Sunday Smatterings with Added Thrills

Last night at the rather opulent setting of Cipriani near Grand Central Station – and still bearing the remnants of the bank the place used to be – the Thriller Awards were given out by ITW to Jeffery Deaver for Best Thriller, Tom Rob Smith for Best First Novel and Alexandra Sokoloff for Best Short Story.

Oline Cogdill very much enjoys Linda Castillo’s move away from romantic suspense to outright thriller with SWORN TO SILENCE.

Margaret Cannon reviews the latest in crime by Karin Slaughter, Stephen L. Carter, Kwei Quartey, Thomas H. Cook and Simon Beckett, along with DELHI NOIR.

At the Guardian, Laura Wilson has her say on crime fiction by Craig Russell, James McCreet, Johan Theorin and Nury Vittachi.

The Times of London’s Peter Millar is less than thrilled with Matthew Glass’s ULTIMATUM but enthuses more about Dan Fesperman’s THE ARMS MAKER OF BERLIN.

Adam Woog’s Scene of the Crime at the Seattle Times looks at new mystery and thriller releases by Steve Martini, J.A. Jance, David Liss, George Dawes Green, Fred Vargas, Mike Lawson and Donald Westlake.

Robin Vidimos at the Denver Post calls Stephen L. Carter’s JERICHO’S FALL “an intricate roller coaster of a summer read.”

The Chicago Sun-Times’ Jeffrey Westhoff has his say on Gregg Hurwitz’s TRUST NO ONE and Denise O’Neal looks at THE MEMORY COLLECTOR by Meg Gardiner.

Rege Behe at the Pittsburgh Tribune-Review has a great piece on the legacy of Donald Westlake, getting quotes from the likes of George Pelecanos, Laura Lippman, Hallie Ephron, Otto Penzler and Mary Alice Gorman.

Thriller award winner Jeffery Deaver describes his perfect weekend to the Nottingham Evening Post.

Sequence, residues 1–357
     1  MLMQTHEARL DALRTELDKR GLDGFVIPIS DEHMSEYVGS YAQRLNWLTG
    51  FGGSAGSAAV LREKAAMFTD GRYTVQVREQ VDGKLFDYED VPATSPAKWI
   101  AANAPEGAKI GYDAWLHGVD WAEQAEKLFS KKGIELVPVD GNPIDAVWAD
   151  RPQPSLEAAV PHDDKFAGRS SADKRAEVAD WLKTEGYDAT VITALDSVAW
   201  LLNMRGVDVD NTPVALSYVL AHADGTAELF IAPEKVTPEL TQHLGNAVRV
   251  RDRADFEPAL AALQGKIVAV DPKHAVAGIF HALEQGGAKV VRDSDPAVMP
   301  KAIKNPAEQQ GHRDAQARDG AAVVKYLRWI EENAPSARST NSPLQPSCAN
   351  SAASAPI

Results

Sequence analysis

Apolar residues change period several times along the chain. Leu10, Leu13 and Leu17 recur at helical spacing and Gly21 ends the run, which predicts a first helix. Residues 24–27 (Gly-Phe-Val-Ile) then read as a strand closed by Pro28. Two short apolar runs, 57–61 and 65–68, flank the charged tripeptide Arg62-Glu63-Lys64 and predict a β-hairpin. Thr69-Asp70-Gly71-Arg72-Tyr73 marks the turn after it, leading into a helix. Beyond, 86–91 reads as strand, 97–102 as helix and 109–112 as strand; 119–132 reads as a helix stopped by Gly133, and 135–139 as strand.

Karin Fossum chats about her terrific new Inspector Sejer novel THE WATER’S EDGE with the Independent on Sunday.

John Connolly talks with the Liverpool Daily Post about his newest Charlie Parker novel, THE LOVERS.

Morley Swingle has his say on Laura James’ fine true crime debut THE LOVE PIRATE AND THE BANDIT’S SON in the St. Louis Dispatch.

Dan Brown’s THE LOST SYMBOL has UK publishers scrambling to move up publication dates of scores of books in order to give them a slightly more probable chance of hitting bestseller lists. American publishers have been doing this for a while now, too.

Oh man, if you’re in Chicago Monday night, catch Bobby Bare, Bobby Bare Jr. and a whole host of country music luminaries at Millenium Park to pay tribute to the life and works of Shel Silverstein

Percival Everett talks with the LA Times and the Bat Segundo Show about his new novel I AM NOT SIDNEY POITIER.

Carole Goldberg at the Hartford Courant has all good things to say about BEST FRIENDS FOREVER by Jennifer Weiner.

What is it about certain writers like David Foster Wallace and Thomas Pynchon that inspire loyal, longtime internet cults?

Roxana Robinson writes in a most unusual location in her Upper East Side apartment.

Charles McGrath marvels that Kenneth Grahame’s classic novel for children THE WIND IN THE WILLOWS is getting a new lease on life.

Compare and contrast Rich Cohen’s review and Howard Blum’s review of Richard Rayner’s A BRIGHT AND GUILTY PLACE. One guy gets the panoramic approach; the other, not so much.

And finally, I love, love, love Miracle Jones’ vision of the bookcases of tomorrow.